The amount of repatriated profits that have returned to the U.S. as a result of President Trump’s massive tax overhaul has been modest and just 3.5 percent of what the president predicted, the Wall Street Journal reports.
The revamp ended the practice of taxing U.S. firms when they brought home foreign profits “trapped” abroad. Companies long complained of high taxes in the U.S. and held their cash in foreign subsidiaries to avoid additional taxes.
The Republican tax law that Trump signed in December imposes a one-time tax on those old earnings, regardless if that money is repatriated or not. It also removes federal taxes on future repatriations and makes future foreign profits generally tax-free in the U.S.
Trump said last year: “Over $4 [trillion], but close to $5 trillion, will be brought back into our country. This is money that would never, ever be seen again by the workers and the people of our country.” But an analysis by the Wall Street Journal shows just $143 billion has been repatriated or 3.58 percent of the president’s $4 trillion prediction.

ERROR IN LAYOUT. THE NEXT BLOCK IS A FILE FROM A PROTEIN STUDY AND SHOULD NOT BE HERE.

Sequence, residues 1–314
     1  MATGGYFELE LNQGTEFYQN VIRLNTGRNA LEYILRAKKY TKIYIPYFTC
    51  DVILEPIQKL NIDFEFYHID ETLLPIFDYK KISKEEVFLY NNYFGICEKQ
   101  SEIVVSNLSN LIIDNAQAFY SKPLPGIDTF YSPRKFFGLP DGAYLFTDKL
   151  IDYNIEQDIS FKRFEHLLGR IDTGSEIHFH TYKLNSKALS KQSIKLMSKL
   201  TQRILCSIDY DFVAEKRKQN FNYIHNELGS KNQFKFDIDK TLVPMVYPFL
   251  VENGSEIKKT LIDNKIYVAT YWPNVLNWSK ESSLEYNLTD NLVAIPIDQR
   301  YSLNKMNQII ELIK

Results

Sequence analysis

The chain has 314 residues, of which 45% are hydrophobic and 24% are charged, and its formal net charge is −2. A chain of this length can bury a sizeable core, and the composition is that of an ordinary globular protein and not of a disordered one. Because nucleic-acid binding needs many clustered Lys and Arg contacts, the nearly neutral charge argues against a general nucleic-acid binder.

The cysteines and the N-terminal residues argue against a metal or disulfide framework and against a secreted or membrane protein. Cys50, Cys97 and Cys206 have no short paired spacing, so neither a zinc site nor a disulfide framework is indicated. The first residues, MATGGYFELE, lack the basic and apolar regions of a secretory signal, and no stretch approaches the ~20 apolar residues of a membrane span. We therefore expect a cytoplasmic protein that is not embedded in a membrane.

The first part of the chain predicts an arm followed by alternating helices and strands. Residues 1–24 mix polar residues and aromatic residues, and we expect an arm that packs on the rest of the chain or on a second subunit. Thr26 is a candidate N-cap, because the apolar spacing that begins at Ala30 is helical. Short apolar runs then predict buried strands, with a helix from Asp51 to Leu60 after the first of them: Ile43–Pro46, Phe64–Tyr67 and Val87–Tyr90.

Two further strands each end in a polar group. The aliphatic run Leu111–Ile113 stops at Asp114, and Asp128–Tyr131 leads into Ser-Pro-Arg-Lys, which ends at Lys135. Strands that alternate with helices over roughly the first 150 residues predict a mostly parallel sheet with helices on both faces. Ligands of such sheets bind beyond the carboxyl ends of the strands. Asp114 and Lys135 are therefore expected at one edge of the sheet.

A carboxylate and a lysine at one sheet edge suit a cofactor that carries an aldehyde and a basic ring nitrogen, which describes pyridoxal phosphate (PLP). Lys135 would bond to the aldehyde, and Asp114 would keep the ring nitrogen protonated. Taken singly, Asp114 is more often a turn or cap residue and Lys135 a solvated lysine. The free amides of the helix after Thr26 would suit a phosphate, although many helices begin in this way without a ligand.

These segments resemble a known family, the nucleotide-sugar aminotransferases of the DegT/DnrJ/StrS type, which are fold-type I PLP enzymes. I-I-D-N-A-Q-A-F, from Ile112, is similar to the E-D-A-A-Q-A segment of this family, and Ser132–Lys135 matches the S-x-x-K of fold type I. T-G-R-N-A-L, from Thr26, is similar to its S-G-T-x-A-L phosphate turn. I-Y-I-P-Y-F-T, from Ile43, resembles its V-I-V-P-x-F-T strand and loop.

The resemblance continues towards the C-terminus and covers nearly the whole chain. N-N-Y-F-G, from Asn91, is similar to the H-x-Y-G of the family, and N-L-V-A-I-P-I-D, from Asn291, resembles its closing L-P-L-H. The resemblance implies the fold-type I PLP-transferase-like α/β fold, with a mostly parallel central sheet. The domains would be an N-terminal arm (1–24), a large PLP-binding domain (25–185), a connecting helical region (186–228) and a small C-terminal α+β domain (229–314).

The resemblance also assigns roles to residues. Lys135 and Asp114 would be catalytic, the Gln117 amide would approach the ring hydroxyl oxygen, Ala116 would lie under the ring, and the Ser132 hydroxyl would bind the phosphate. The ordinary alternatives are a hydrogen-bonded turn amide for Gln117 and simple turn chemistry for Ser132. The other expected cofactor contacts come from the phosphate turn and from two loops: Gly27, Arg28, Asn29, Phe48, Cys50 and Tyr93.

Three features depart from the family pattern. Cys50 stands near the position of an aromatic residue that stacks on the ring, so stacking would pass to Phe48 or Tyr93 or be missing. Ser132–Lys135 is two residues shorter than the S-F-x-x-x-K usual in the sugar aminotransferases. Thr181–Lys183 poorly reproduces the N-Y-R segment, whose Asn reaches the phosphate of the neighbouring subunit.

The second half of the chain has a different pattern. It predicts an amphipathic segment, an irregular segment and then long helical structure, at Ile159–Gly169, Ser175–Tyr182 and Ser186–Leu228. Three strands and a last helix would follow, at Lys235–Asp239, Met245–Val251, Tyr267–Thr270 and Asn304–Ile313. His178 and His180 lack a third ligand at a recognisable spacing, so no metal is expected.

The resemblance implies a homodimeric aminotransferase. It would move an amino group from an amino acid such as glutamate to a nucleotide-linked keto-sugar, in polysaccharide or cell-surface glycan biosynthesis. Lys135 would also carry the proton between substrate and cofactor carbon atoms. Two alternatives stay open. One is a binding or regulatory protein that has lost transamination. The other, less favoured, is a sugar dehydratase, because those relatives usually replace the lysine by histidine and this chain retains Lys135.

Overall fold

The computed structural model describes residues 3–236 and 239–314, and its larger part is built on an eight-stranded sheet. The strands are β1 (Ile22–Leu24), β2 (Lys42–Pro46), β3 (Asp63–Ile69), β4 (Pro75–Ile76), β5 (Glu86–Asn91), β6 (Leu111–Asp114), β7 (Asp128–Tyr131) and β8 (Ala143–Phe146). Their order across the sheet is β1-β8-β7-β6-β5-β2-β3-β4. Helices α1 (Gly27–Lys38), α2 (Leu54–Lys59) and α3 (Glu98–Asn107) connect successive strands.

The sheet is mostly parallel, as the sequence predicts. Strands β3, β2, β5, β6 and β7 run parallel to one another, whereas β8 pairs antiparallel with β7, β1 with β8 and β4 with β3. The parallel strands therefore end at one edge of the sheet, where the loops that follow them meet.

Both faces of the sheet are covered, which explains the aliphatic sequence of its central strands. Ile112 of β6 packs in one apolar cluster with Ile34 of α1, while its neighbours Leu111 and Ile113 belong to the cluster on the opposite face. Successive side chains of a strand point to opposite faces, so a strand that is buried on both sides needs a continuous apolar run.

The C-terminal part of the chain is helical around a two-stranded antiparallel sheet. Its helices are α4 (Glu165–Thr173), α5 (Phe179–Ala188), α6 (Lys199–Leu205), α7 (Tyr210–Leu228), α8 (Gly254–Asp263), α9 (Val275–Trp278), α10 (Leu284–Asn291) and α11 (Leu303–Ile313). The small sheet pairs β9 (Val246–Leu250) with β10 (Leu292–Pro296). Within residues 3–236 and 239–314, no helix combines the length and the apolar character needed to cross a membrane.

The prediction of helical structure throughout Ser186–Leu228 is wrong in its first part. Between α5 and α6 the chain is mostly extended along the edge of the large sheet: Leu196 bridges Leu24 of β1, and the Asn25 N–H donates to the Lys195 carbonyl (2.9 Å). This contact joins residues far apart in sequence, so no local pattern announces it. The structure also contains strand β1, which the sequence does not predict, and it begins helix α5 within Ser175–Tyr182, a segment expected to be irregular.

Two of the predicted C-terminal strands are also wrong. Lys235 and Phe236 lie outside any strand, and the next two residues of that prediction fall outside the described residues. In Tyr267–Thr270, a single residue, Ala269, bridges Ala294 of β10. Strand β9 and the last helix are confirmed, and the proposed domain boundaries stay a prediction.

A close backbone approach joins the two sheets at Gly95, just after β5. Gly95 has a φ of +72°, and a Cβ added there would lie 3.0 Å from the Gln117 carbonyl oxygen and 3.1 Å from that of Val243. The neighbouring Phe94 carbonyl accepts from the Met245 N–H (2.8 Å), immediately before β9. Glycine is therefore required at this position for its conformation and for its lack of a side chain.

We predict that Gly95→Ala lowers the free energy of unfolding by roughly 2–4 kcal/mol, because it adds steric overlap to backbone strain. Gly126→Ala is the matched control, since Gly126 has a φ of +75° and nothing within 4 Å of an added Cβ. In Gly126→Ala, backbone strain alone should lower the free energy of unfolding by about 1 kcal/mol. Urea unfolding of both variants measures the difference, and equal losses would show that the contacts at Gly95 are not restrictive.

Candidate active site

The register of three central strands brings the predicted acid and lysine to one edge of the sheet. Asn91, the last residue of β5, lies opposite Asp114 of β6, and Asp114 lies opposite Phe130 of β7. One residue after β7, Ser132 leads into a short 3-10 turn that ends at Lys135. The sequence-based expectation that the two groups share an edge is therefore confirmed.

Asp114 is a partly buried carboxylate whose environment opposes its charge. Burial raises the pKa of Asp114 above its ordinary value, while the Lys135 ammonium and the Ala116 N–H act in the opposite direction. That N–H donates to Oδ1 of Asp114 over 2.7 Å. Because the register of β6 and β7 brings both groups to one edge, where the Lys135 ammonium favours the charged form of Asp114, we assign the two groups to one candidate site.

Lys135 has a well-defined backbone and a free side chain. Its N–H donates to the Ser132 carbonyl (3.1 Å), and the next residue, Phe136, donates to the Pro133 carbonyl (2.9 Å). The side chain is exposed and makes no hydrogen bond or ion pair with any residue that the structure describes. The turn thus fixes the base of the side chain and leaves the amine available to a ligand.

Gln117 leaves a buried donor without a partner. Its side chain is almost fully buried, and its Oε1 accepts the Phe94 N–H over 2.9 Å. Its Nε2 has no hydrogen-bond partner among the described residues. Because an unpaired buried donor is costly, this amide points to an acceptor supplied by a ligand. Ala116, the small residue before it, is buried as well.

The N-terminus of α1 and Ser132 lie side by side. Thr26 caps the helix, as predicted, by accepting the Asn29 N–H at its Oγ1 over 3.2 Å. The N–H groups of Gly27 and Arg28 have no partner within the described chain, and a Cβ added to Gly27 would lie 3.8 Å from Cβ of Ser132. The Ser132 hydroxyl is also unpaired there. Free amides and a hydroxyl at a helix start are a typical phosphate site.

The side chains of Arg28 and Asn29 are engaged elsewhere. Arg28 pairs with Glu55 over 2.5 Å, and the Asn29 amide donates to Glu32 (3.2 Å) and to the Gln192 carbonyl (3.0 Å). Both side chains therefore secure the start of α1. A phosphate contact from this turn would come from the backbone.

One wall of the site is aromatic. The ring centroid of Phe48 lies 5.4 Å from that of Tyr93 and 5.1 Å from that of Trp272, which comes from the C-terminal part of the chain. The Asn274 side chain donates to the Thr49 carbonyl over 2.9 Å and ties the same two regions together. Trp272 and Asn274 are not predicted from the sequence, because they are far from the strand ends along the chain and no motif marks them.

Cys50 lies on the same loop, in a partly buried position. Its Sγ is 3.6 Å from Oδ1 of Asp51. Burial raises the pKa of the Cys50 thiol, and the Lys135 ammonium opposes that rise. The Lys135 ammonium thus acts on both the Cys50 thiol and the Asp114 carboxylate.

Two-thirds of the money already brought back came from just two companies: networking-equipment giant Cisco Systems and drugmaker Gilead Sciences.
Many companies that held some of the biggest foreign cash piles before the GOP tax reform, including Microsoft Corp. and Alphabet Inc., provided no information about what it was doing with the funds.